On Sept. 17, Winnipeggers got together to talk about sex.
“We were hoping to get a lot of students who are interested in talking about ideas,” Manitoba Association for Rights and Liberties (MARL) executive director Michelle Falk says.
MARL’s Ethics Cafe organized The Ethics of Sex, which many students did show up for.
The Tallest Poppy was packed when speaker Dr. Neil McArthur, an associate professor from the University of Manitoba, began asking the audience to discuss their responses to his questions with one another.
“So many people are talking about sex, but what are they really saying?” MacArthur said in his introduction.
Each table in the restaurant was its own team, with names such as Total Strangers Talking About Sex and Team Bob and Sexy Strangers. After questions about sex were asked, such as if employers should ban relationships between employees, teams were given time to discuss their opinions before the floor was opened for everyone in the restaurant to discuss.
MacArthur facilitated the conversation and weighed in with his opinion.
“We wanted to be very careful about the types of questions that we asked, making sure to be careful not to encourage heteronormative, cisnormative language,” Falk says.
MARL organizers wanted to make sure it was a safer space, so they had facilitators walking around to help anyone who needed support if issues arrived. On each table, there were info cards with resources people could contact if any triggering comments from the audience upset anyone.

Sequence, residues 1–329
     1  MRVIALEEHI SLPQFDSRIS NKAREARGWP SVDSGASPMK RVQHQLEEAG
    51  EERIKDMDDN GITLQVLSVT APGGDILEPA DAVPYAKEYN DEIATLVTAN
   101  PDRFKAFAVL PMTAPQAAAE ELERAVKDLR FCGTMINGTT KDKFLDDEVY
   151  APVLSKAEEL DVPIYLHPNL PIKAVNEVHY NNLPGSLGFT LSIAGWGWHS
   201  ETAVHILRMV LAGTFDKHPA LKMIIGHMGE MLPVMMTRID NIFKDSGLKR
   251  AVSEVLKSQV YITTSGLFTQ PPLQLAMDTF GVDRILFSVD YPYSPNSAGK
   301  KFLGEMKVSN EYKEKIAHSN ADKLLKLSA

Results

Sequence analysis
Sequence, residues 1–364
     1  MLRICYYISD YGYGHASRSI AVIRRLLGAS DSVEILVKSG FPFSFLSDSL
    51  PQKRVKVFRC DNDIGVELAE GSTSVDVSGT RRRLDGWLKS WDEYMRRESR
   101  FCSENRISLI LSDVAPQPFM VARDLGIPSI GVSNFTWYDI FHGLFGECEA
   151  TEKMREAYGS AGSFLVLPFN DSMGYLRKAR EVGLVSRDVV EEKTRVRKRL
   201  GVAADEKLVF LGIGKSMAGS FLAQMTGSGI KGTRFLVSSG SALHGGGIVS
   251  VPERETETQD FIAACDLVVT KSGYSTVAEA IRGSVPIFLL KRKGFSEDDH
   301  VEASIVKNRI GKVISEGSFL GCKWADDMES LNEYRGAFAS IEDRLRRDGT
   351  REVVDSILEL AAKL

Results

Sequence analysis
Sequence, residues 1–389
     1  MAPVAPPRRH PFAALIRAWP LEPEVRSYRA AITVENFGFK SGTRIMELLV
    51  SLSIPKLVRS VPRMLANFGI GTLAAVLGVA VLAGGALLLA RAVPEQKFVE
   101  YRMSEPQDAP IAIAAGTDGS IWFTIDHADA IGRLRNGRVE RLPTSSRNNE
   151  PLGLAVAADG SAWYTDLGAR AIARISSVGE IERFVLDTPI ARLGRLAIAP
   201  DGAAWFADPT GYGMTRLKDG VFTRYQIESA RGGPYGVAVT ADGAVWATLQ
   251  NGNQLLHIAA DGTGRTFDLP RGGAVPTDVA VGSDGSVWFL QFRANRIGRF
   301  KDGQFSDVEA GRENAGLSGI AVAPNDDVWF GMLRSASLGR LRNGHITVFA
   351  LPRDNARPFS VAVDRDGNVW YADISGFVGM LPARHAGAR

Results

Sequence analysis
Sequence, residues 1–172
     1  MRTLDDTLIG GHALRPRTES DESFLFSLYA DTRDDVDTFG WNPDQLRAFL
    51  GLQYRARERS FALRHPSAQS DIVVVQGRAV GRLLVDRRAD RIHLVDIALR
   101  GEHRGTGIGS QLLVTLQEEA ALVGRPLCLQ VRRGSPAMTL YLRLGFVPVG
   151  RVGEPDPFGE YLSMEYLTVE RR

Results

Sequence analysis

Before discussions were started, Falk warned the audience that oppressive and discriminatory language would not be tolerated.
Aneke Mendarozqueta, one of the participants, put up her hand to respond to a question asking if women are hardwired to not want casual sex as much as men.
She said the question was obviously created by a man and ridiculous to ask.
Yet despite criticism of the questions, she enjoyed the event.
“It was a really great chance for the community to get together,” Mendarozqueta says. Sex isn’t a subject that people often talk about and it was a good opportunity for that to happen.
“It would have been great to have multiple facilitators,” Mendarozqueta says. She admits that it could have made it more difficult to run the event, but criticizes MacArthur for being male-centric. Although she says he did bring up some good points.
The event evolved from MARL’s ethics slams, which university students had to register for beforehand.
The feedback from those events was that audience members had ideas and had things to say, but they didn’t have a way to voice their opinions.
“We thought it would be a really great way to get more audience engagement,” Falk says.
On Oct. 8, Ethics Cafe will host the Ethics of Medicine. Events focusing on the ethics of democracy and of the environment are also in the works.
Go to marl.mb.ca for more information.